It's unusual for a United manager to publicly criticise or question a player, but both Van Gaal and Mourinho have done so with Shaw. They saw it as for motivation for Shaw, who admitted that he could have been more professional in his first season at Old Trafford. He started his second campaign looking like the player fans hoped and expected him to be, before suffering a horrific broken leg in Eindhoven.

If there's one spot that Mourinho isn't fully decided upon, then it's left-back. Shaw will have a chance to make it his own again, while Blind and Darmian have also played there. Also set to be in the mix is Cameron Borthwick-Jackson, who will return to the club from Wolverhampton Wanderers.

The 19-year-old Mancunian impressed, especially with his crossing, in 14 first-team appearances last season and joined Wolves on loan in August. Although he was initially a regular, he has not started a league match since a 3-2 home defeat to Derby on Nov. 5 and has found opportunities hard to come by since Paul Lambert took charge. Borthwick-Jackson has also been advised against asking his manager why he has not featured.

Mourinho, who thinks the defender has a future at United, has been unhappy with the lack of playing time, as well as being surprised, given Wolves paid a large loan fee for the teenager. Borthwick-Jackson was determined to make the move work and even rented an apartment in the Wolverhampton area, when other players from Manchester drive in each day.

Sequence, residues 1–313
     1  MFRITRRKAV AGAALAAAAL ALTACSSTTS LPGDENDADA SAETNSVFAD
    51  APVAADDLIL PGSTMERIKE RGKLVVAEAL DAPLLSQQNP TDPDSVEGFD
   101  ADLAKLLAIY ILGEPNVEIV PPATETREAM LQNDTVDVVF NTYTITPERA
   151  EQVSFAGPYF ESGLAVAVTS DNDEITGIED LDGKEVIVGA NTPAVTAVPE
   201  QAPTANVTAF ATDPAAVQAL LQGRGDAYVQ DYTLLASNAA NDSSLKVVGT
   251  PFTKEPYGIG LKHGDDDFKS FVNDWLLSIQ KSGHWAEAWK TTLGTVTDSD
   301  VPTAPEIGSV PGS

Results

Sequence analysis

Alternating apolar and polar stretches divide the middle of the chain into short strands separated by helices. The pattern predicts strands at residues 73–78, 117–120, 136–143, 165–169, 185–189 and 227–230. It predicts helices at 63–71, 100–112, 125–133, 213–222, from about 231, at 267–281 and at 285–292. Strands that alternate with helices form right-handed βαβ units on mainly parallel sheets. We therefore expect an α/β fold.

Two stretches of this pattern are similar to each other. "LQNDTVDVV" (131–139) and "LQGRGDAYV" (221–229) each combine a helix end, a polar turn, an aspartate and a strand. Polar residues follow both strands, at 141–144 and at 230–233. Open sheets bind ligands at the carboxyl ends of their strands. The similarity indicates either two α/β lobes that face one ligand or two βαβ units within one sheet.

Though Wolves initially indicated that they were going to play him in Saturday's FA Cup tie at Stoke, Borthwick-Jackson did not feature and has returned to Manchester. Unless he goes out on loan again, he'll stay at United, who are in the midst of a busy week: A reserve derby against Manchester City on Monday and a first-team game on Tuesday follow Saturday's FA Cup tie, all of which lead up to Sunday's game against Liverpool. 

Andy Mitten is a freelance writer and the founder and editor of United We Stand. Follow him on Twitter: @AndyMitten.